[p2p-hackers] Using UDT for swarming

Serguei Osokine Serguei.Osokine at efi.com
Tue Jan 25 20:29:07 UTC 2005


On Tuesday, January 25, 2005 Matthew Kaufman wrote:
> It was designed to outperform traditional TCP over large delay*
> bandwidth networks, but actually gives TCP the edge in more typical 
> network settings.

	Well, that depends on what "large delay*bandwidth" is. Even the
slow link might fall into this category if the RTT is high enough. So
to be fair to UDT, it might prove to be quite applicable for a typical
concurrent upload situation. Like I said, I did not do any careful
analysis of the UDT and of its behaviour on the slower links and was
wondering if anyone did and whether there are any better alternatives.

> And if your design parameter is large numbers of streams with vastly
> different RTTs and you wanted to improve over TCP's handling of this,
> you'd make different choices than were made for UDT.

	Yeah, that was pretty much the reason behind my question. What 
would be these different choices? Got any pointers? The apparent UDT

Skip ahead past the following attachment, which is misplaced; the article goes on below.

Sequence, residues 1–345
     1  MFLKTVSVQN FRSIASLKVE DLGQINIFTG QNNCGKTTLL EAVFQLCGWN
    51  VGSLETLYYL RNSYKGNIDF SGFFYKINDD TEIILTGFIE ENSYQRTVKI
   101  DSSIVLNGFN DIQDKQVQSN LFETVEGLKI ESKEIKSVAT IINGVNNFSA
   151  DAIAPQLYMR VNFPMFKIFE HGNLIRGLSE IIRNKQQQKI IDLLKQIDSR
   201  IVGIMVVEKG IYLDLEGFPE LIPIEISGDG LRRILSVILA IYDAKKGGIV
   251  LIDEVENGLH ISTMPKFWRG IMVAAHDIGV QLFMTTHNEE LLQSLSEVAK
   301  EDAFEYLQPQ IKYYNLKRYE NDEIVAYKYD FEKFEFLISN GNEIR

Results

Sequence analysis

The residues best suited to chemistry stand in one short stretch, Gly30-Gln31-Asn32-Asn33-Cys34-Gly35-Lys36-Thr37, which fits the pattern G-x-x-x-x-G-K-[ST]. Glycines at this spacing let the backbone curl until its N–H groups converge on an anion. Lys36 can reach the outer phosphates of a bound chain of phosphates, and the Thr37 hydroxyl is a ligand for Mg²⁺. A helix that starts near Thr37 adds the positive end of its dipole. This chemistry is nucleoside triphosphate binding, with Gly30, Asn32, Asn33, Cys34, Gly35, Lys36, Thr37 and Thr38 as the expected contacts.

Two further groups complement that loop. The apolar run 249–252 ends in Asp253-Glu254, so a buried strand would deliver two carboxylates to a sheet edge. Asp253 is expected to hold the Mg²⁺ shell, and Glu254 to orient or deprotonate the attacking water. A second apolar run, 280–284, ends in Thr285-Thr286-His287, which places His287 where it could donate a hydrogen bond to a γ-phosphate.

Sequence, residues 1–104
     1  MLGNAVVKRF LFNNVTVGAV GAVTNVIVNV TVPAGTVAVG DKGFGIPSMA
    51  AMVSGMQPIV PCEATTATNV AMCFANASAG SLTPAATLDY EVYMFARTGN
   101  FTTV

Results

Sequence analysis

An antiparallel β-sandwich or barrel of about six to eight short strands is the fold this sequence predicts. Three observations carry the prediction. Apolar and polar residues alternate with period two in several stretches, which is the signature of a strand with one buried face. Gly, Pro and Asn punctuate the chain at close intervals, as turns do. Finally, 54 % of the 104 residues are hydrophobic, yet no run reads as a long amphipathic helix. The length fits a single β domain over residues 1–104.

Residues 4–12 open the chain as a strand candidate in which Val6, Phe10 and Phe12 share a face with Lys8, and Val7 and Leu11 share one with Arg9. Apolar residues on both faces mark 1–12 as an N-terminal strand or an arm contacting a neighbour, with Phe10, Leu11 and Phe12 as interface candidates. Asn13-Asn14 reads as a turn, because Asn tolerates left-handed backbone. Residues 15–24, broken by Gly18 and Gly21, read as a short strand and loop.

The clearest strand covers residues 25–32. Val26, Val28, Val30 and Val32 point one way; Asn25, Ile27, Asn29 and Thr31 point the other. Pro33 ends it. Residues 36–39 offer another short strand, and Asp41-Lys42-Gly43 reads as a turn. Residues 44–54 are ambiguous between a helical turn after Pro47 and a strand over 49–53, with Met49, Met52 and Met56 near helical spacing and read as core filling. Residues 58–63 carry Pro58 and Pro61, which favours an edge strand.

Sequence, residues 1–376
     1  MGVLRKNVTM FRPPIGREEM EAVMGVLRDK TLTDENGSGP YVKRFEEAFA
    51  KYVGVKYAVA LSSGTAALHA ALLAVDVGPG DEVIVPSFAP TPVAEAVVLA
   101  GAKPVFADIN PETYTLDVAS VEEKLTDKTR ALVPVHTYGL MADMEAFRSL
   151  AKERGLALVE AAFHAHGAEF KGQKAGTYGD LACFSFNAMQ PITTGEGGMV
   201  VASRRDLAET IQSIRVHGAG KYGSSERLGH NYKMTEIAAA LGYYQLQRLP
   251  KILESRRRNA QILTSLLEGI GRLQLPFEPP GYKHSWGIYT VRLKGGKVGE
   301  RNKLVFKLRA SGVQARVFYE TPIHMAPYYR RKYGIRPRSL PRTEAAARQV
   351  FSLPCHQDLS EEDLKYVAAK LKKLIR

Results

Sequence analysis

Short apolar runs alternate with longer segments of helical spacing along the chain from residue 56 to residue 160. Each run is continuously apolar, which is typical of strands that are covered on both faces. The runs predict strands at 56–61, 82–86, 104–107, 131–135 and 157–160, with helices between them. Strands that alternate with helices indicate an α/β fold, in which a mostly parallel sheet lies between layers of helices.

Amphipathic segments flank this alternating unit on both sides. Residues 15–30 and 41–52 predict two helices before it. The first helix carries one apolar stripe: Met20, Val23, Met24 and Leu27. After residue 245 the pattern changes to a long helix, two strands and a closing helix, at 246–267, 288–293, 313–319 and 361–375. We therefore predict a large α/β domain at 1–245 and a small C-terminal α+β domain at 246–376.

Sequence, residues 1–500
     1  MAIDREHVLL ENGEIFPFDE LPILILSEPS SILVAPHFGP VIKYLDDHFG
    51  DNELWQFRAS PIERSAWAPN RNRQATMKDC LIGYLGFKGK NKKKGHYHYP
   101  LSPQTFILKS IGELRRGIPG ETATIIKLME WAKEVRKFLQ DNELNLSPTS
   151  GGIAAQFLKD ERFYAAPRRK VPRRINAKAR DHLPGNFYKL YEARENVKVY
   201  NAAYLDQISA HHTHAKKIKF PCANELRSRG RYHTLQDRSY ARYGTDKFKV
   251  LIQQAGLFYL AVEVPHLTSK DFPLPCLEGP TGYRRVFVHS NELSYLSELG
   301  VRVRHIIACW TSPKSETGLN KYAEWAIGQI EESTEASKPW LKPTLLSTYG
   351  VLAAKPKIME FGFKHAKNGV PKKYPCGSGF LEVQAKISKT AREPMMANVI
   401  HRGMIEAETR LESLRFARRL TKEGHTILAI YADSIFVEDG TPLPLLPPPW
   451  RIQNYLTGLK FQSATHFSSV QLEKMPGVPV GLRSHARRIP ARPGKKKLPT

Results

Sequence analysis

intent to optimize the gigabit transfers - possibly at the expense of
the slower streams - was a bit of a warning flag for me, too - but
I did not see any project that even asks these questions, much less
answers them. One possible exception might be all this FEC vodoo in
the multicasting group, but for me it feels like a bit of an overkill
for the job (even if I would be sure that FLUTE/ALC/LCT stack really
does resolve these issues, which I'm not).

	Best wishes -
	S.Osokine.
	25 Jan 2005.

-----Original Message-----
From: p2p-hackers-bounces at zgp.org [mailto:p2p-hackers-bounces at zgp.org]On
Behalf Of Matthew Kaufman
Sent: Tuesday, January 25, 2005 11:59 AM
To: 'Peer-to-peer development.'
Subject: RE: [p2p-hackers] Using UDT for swarming


This protocol is clearly designed to operate in something other than today's
consumer Internet. It was designed to outperform traditional TCP over large
delay*bandwidth networks, but actually gives TCP the edge in more typical
network settings. For file transfers over actual connections you're likely
to see (unless you have a GigE plugged right into Internet2 on your desk),
TCP is a better choice, and if you need UDP for NAT traversal or other
reasons, there are better performing (and simpler to implement, as this
requires things like fine-grained clocks) choices. And if your design
parameter is large numbers of streams with vastly different RTTs and you
wanted to improve over TCP's handling of this, you'd make different choices
than were made for UDT.

Matthew Kaufman
matthew at matthew.at
http://www.amicima.com


> -----Original Message-----
> From: p2p-hackers-bounces at zgp.org 
> [mailto:p2p-hackers-bounces at zgp.org] On Behalf Of Serguei Osokine
> Sent: Tuesday, January 25, 2005 10:33 AM
> To: p2p-hackers at zgp.org
> Subject: [p2p-hackers] Using UDT for swarming
> 
> 
> 
> 	People, does anyone have an opinion about UDT?
> 

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